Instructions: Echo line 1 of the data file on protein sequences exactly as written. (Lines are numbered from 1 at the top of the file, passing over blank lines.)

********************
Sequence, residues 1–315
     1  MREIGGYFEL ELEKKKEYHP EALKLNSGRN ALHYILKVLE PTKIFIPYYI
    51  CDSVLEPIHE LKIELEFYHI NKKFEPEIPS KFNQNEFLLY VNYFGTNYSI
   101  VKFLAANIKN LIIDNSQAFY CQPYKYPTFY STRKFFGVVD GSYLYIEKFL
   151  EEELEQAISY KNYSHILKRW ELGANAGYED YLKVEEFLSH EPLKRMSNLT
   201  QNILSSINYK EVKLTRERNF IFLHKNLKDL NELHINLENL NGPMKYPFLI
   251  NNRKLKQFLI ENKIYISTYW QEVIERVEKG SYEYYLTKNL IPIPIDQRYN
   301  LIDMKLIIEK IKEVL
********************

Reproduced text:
Sequence, residues 1–315